I know what you’re thinking, “how many times can this fool write about the coastal coral tree?” or “Does he make out with that tree?” well the answers are; infinitely and just a little. Not necessarily in that order. I can’t help it. When I first pilfered a branch cutting from an undisclosed location (definitely NOT in Robb Field in OB), I intended it to be a bonsai tree. I was living in a small but lovely beach apartment at the time, so it was all bonsai for me due to space constraints.
Now that I have a wee bit of land, I can spread some roots. My erythrina caffra (coastal coral) couldn’t be happier that I did either considering the insane growth that this tree has undergone in the last few years. To force this beast into a tiny bonsai pot would seem cruel.
And this year is no exception. She is just now beginning to wake up from her short winter slumber. All winter long she has been busy sending out miles of hungry roots and storing vast amounts of sugars for what is promising to be a vigorous growing season. Now she is putting out a lovely display of flowers right before she comes into full leaf.
She starts off after winter with her flowers before the leaves really set in. This allows all the pollinators to see the blooms without any bland and flavorless leaves getting in the way. Hummingbirds adore these beautiful blooms. Here’s another tree that is rocking a very impressive bloom with some rando walking a cute dog. Continue reading “My Big Ass Lady: Update on the Coastal Coral Tree”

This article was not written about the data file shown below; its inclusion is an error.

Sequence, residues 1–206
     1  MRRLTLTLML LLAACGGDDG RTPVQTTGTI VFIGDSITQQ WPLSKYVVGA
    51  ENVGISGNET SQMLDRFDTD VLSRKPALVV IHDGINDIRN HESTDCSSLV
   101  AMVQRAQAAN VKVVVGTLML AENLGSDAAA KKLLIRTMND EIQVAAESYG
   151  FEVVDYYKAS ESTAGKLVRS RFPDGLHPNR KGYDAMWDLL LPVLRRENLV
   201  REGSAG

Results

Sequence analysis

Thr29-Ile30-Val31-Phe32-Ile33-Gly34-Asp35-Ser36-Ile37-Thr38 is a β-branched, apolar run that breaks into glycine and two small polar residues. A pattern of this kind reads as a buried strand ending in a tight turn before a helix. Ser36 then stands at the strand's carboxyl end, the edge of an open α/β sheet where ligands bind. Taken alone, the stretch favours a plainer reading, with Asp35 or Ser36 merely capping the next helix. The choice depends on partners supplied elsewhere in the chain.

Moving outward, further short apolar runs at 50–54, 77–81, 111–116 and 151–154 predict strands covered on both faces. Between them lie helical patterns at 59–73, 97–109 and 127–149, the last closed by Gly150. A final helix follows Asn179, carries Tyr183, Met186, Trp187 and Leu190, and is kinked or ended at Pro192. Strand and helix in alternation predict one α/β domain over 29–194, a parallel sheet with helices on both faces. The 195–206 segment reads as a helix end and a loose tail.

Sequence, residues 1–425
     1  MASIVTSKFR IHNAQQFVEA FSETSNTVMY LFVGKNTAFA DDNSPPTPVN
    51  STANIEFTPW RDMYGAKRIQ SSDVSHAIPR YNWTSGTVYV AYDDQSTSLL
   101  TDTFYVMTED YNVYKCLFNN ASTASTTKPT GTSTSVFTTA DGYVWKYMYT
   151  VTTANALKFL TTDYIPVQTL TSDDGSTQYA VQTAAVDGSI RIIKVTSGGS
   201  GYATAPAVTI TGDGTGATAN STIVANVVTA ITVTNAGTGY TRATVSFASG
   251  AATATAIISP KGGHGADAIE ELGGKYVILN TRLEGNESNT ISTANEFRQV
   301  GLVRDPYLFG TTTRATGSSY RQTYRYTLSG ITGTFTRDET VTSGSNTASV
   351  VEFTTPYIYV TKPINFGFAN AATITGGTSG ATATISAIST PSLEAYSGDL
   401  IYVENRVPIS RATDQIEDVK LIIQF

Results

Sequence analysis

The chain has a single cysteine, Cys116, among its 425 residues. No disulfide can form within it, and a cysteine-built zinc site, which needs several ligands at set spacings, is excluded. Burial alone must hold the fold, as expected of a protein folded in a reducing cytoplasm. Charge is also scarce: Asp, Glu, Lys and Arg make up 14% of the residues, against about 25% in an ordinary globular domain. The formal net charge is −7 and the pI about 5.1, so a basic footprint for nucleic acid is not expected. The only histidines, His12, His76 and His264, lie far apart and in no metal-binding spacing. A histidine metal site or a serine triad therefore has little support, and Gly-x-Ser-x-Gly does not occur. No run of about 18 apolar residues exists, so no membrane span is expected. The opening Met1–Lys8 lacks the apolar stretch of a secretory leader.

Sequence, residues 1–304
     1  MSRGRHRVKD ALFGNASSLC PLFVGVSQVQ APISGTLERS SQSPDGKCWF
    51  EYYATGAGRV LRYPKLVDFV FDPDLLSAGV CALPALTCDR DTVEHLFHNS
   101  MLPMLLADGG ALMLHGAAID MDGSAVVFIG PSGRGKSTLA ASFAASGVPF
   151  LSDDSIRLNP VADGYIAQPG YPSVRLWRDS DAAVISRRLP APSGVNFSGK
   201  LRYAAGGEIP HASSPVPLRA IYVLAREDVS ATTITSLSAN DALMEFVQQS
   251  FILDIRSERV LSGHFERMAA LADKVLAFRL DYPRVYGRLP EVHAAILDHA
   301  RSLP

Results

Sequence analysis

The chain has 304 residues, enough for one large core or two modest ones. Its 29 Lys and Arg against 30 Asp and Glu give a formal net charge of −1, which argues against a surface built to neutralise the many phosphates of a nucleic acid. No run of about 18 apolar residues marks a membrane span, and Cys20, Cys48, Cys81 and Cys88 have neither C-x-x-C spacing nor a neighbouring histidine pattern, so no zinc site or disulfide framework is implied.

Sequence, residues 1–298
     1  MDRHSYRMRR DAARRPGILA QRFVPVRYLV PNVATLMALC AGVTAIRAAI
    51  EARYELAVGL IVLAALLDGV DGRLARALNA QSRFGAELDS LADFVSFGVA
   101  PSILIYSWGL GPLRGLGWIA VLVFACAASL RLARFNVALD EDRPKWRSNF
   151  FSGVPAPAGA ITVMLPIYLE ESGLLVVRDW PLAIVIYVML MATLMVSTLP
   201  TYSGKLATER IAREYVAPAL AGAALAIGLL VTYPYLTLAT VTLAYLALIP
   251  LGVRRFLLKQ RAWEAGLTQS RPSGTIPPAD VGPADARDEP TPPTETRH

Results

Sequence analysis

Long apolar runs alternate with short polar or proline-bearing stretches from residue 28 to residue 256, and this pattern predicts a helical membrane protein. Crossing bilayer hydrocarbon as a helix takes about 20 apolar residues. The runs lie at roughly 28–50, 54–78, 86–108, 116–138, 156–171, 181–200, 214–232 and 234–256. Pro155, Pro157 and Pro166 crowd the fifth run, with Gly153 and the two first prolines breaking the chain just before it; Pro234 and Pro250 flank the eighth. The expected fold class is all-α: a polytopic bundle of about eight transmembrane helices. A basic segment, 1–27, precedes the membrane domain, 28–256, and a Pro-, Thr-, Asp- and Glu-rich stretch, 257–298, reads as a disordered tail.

People keep asking me if I’m sick of the rain yet. I give a resounding, “are you mad!?” Who in their right mind would be sick of rain after six years of drought? So, no, I’m not sick of it. I worship it, I adore it and I dance naked in it. Don’t start peeping over my fence now! The very first thing I did when I bought the house, and stared for hours out into the vast expanse of nothingness, was to re-grade my whole lot. I built dry riverbeds and redirected potential flows of water from one bed to the next. And then year after year of drought followed. Finally, this year has above average rains and I get to put my landscaping to the ultimate test. And guess what, it all works (mostly) perfectly. Not a drop is wasted on runoff to the adjacent lots. It’s mine all mine!! Mwahahahaha!
And now that the guinea fowl population has been drastically reduced and the remaining two are too afraid to scratch a single bed or path for fear of the ultimate and final punishment, I can now return to business as usual. I can now finally replant, transplant, deadhead and prune without the bubbling rage and constant destruction.
Better late than never is the strategy for my winter veggie garden. Today before the next storm rolled in I dropped in some late kale, spinach, bok choy and collard greens. The first of the remaining guinea fowl to even look at this bed will end up in the pot faster than you can say, “never get guinea fowl”.
I’m so in love with my passion fruit vine. Like, more than like, like. Love!
Not only does it give me bucketfuls of tantalizing and delicious fruit, but it also is always lush with bright green healthy leaves all year round. It is drought-proof as well it seems and the most vigorous grower of any of my plants. It is the fastest, prettiest, and tastiest way to provide privacy as well!